11 May 2011
St Petersburg's ecocity planning concept ready for implementation
A concept for ecologically efficient city planning tailored to St Petersburg conditions is ready to be applied in practice. Partners are being sought who are capable of implementing the pilot project.
The concept includes a dense urban structure, a minimized need for private transport and maximized use of public transport and light traffic, minimized energy consumption, the use of renewable energy with maximum efficiency, and sustainable waste and water treatment solutions.
The EcoGrad concept was developed in a project lead by the Technical Research Centre of Finland VTT.
“The fact that buildings are constructed with a high level of density in St Petersburg, and that local regulations require everyday services to be located close to residents, supports ecological planning,” says Senior Research Scientist Åsa Nystedt of VTT.
The goal of the project was to apply VTT’s new Ecocity concept, which has already gone through its pilot stage on an international level, to housing production and urban property development In Russia.
“In the past, exports promotion has focused on supplying materials and finished products, but there is an increasing need to develop comprehensive service concepts,” Nystedt says.
Room for ecological development in RussiaOver the course of the project, several meetings were held with representatives of the City of St Petersburg. During these meetings, elements of the concept were presented and feedback was received on the extent to which different segments would suit local conditions. This made it possible to forge the relationships and prerequisites for the crucial co-operation with officials in St Petersburg.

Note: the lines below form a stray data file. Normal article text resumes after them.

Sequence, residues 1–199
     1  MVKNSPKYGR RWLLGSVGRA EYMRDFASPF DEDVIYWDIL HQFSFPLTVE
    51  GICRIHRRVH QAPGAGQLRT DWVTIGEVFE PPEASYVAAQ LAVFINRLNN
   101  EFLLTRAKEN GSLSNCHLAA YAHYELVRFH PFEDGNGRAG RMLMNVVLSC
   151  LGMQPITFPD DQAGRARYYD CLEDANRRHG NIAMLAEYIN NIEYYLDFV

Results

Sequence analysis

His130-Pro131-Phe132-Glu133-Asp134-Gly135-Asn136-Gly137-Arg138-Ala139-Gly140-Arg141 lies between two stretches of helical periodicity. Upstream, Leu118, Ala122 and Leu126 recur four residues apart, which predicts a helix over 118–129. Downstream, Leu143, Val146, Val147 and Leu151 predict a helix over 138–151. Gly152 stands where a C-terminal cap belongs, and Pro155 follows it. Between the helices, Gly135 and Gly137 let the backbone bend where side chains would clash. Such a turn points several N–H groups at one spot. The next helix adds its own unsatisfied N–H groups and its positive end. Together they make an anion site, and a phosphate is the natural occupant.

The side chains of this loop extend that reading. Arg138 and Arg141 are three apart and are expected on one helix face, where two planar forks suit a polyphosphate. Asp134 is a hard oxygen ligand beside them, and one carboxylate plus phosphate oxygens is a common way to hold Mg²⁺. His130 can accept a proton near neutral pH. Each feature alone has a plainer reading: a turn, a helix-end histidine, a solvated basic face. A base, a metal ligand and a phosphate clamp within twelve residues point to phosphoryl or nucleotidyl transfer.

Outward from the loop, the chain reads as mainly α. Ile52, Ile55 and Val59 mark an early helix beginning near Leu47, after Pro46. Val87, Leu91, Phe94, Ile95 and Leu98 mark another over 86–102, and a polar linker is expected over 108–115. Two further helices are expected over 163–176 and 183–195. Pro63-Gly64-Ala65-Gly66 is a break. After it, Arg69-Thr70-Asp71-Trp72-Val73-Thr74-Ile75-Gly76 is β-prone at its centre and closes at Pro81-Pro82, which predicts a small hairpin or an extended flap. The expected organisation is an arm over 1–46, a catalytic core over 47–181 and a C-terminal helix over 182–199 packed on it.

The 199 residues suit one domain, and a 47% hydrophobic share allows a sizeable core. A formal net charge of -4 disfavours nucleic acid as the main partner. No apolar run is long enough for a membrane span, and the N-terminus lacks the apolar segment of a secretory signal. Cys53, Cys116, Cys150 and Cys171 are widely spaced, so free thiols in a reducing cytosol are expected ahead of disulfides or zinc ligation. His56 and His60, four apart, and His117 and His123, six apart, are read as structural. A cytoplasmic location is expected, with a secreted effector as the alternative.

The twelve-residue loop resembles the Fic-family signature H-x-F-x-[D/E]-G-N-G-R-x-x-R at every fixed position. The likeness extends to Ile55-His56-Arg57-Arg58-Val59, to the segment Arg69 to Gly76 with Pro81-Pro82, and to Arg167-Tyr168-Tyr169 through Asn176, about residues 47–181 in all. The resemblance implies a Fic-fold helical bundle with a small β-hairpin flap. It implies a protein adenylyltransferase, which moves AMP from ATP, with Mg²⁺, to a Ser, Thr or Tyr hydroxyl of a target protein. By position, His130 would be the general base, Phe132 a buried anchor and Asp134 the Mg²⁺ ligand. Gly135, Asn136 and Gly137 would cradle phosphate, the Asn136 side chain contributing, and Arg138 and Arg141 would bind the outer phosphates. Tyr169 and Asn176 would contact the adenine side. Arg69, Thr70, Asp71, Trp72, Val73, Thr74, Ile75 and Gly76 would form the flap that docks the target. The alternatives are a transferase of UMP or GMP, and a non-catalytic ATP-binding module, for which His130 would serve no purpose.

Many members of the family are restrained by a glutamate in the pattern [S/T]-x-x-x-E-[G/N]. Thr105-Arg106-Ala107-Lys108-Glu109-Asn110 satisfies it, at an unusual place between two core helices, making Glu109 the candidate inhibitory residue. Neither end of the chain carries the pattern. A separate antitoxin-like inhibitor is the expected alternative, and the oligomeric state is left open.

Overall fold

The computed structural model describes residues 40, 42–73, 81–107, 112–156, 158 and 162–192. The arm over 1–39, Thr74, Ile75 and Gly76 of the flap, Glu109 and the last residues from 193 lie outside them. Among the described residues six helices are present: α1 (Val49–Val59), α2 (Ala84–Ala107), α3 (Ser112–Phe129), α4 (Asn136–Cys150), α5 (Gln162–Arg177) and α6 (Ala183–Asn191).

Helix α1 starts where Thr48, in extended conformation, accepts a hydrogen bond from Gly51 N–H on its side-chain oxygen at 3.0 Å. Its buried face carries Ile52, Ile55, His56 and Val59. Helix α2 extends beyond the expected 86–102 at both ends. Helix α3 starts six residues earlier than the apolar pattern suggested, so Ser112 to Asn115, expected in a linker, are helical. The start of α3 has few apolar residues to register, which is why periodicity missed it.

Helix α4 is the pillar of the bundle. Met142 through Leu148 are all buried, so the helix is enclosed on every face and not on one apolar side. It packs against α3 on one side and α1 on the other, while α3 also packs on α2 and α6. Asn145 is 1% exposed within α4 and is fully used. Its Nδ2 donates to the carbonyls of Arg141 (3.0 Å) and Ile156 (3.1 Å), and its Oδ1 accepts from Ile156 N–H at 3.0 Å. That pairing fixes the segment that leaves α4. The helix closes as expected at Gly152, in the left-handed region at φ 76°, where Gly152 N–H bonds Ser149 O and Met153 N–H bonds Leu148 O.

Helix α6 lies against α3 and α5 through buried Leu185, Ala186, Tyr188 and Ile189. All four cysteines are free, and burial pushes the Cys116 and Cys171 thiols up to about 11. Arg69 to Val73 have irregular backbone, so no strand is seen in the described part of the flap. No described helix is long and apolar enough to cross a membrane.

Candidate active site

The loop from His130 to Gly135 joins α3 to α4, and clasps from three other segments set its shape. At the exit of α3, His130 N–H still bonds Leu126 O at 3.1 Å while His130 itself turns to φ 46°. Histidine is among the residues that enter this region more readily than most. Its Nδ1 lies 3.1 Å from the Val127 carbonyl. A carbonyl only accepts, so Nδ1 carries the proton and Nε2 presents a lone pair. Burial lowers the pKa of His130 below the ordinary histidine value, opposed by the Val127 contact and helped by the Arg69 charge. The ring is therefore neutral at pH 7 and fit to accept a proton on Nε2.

The project also involved a resident’s questionnaire, among the findings of which was that more than 90 percent of residents do not consider it important for renewable energy to be used in residential heating. Mechanical ventilation is unknown to the majority of respondents.
Fresh air is considered important 80 percent of residents, but less than half of the respondents were willing to pay for it. As a result of the project, it was observed that involving inhabitants in the development process is an important part of ecological planning. It should be further developed in Russia and integrated as part of the planning process.
Energy-efficient building is still at the initial stages of development, and there is little familiarity with energy systems based on renewable sources of energy.
“However, there is still plenty of room for technical, economic and administrative development in Russia,” Nystedt concludes.
The EcoGrad project ran from January to the end of November 2010. It was funded by the Ministry for Foreign Affairs of Finland.
The project's report: EcoGrad. Concept for ecological city planning for St Petersburg, Russia
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